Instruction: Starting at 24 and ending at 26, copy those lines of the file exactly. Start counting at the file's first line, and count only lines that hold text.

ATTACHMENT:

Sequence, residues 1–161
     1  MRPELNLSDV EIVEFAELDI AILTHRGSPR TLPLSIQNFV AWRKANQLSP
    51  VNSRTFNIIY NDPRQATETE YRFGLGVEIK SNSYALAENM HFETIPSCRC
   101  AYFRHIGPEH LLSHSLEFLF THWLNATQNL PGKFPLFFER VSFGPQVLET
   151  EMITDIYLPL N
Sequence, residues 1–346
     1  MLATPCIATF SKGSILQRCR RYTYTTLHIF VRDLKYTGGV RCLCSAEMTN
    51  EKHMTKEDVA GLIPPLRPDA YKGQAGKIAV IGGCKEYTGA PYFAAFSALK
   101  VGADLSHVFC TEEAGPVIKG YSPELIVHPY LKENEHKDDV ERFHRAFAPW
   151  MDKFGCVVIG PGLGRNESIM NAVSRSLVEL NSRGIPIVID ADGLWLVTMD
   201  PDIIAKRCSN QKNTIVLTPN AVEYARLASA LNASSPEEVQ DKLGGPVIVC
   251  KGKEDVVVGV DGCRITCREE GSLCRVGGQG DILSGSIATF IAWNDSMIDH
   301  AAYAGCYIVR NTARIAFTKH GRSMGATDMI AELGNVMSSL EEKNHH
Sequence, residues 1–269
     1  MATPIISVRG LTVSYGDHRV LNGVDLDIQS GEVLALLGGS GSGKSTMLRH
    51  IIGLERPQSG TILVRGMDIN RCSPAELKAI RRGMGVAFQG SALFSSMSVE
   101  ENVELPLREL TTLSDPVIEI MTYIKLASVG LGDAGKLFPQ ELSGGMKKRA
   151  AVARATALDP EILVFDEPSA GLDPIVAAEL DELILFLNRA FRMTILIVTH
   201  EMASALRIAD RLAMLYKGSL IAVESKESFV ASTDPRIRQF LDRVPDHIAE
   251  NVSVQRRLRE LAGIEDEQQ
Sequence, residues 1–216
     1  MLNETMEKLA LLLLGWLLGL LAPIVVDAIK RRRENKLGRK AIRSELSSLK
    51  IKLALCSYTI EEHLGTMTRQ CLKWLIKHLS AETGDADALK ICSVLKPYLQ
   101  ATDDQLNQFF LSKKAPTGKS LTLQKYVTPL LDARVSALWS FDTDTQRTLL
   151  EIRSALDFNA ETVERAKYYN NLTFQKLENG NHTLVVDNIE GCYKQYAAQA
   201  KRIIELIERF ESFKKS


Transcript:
   101  ATDDQLNQFF LSKKAPTGKS LTLQKYVTPL LDARVSALWS FDTDTQRTLL
   151  EIRSALDFNA ETVERAKYYN NLTFQKLENG NHTLVVDNIE GCYKQYAAQA
   201  KRIIELIERF ESFKKS